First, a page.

Histroriography: For the Sake of Convenience

Like a clean shave, we often want to go back to basics.

The basic look, along with basic necessities and simplified lives, is a way to ground ourselves and our souls from the complications of the universe. Our world is confusing enough to cause confusion and chaos within ourselves. Yet, we soldier on with our smart phones, our broadband and our brand allegiances towards semi-dehumanization.

If you recall owning a car with roll-up windows, a heater and manual steering, then you know exactly what I am about to discuss.

I grew up in a time when power windows and locks were an extreme luxury. Velour was simply crushed velvet fabric made to be as luxurious. Power steering was only found on cars that were larger and needed that vacuum boost into their recirculating ball box. Power brakes actually were a form of active safety – that needed pressure onto the brakes made cars and trucks safer, in relative terms.

Simple cars for simple lives – those were the days, my friends! Then, things changed…thanks to victory in a big war.

The 1950s introduced American car buyers to power assisted everything. The Postwar economy fostered new conveniences for a growing population. The spoils of victory meant cheaper steel, electricity, fuel and other materials. America was capable of making everything in house and down the street. To offset hard work in building new homes, shopping centers and paving old farmland, convenience was introduced – and we gobbled it up!

Not everyone fell for the newfangled conveniences of Postwar America. How many of us recall growing up with an automatic dishwasher, color television and an electric blender, but had a very basic car in the garage? How many of us actually had a garage?

A read through a brochure from the early 1960s showed you can order power steering as an option on almost every Chevrolet, Ford or Plymouth. Volkswagen never offered power steering or brakes on any of their vehicles during that era. Air conditioning was a rare offering both in domestic and imported cars. If you ordered a radio – with only the AM band – you only had one speaker to listen to Elvis, Chubby Checker or Leonard Bernstein in your car.

Leather upholstery was only offered in the most expensive cars of the era. Vinyl was a cheaper alternative, as was woven cloth. If you lived in a climate that had hot summers, you regretted ordering the vinyl seats and hoped for the best from the ventilation system. In that case, you already rolled down your windows, only to be greeted by bugs, flies and mosquitoes.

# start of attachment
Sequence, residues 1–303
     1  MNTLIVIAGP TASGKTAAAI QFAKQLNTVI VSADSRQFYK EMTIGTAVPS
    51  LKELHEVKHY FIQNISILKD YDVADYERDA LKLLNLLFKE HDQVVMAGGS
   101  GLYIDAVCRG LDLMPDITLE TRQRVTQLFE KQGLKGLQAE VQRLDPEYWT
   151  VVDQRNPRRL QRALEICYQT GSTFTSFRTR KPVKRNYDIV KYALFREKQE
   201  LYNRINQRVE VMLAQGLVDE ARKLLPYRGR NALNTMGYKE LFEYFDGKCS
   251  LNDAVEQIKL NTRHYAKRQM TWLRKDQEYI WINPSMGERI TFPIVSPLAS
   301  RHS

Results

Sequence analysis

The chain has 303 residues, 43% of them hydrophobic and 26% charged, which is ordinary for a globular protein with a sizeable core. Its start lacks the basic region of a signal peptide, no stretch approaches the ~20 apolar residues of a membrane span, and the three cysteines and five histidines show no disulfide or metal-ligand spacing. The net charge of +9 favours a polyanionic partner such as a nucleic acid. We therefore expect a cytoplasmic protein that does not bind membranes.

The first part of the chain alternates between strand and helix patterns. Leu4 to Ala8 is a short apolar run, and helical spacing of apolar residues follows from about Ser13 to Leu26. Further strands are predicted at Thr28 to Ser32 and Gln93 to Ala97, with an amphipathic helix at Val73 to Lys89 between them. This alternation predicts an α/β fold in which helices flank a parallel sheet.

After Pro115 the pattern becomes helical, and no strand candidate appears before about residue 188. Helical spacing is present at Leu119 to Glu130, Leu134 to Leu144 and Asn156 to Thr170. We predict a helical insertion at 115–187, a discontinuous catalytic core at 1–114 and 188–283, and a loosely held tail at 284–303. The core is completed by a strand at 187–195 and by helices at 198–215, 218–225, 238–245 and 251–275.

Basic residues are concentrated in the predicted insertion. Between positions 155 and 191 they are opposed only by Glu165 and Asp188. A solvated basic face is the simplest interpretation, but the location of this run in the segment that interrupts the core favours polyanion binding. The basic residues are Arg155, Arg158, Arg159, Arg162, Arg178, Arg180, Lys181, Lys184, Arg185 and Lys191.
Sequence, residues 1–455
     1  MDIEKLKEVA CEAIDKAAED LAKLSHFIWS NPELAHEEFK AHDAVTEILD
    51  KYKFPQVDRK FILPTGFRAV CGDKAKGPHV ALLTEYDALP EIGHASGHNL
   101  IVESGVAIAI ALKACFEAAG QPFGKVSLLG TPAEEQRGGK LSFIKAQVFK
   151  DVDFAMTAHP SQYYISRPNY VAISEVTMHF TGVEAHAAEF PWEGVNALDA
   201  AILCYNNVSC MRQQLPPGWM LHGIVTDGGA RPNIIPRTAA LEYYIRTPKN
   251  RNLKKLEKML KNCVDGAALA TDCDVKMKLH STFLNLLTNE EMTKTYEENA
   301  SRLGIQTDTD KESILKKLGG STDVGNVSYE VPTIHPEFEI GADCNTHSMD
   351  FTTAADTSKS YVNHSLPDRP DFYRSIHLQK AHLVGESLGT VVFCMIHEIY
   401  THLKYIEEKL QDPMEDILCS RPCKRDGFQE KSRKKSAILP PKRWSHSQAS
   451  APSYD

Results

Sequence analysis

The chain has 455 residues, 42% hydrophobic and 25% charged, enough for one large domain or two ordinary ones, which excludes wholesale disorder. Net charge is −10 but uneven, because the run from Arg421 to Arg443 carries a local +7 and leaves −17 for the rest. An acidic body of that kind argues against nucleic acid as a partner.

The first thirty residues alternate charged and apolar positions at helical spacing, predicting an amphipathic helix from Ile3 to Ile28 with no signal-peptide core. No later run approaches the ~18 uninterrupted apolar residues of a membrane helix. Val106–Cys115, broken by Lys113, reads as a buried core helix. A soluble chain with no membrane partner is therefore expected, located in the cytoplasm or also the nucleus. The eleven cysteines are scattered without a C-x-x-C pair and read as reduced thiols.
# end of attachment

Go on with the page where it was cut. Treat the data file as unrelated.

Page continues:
Perhaps the biggest convenience that arrived during the baby boom was the automatic transmission. The third pedal began to disappear on domestic cars, as did the rough-and-tumble action of shifting three-on-a-tree off of the steering column. Floor shifters remained and became the standard way to manually shift gears with that third pedal. Yet, convenience would challenge the consumer to choose between a synchromesh gearbox with a clutch or a planetary gearset with a fluid filled torque converter.

In the 1970s, basic cars were still around. You had fewer cars with manual steering and brakes, three-on-a-tree, vinyl bench seats and a plastic space where a radio could be installed. Going into the 1990s, you still had cars with manual steering and roll-up windows. As the decades go by, the "power" convenience features seem to have taken over across the line – some might say completely.

The reason for the acceptance and wide availability of electric windows, power steering and other convenience features has been the increase in reliability of these features. Add to the idea of efficiency of a lot of these systems. Power steering systems now run off of the electrical system than through a pump off of the engine’s serpentine belt. The Freon that went into air-conditioning systems is a thing of a past, thanks to CFC-free climate control set-ups that are safe and versatile to use.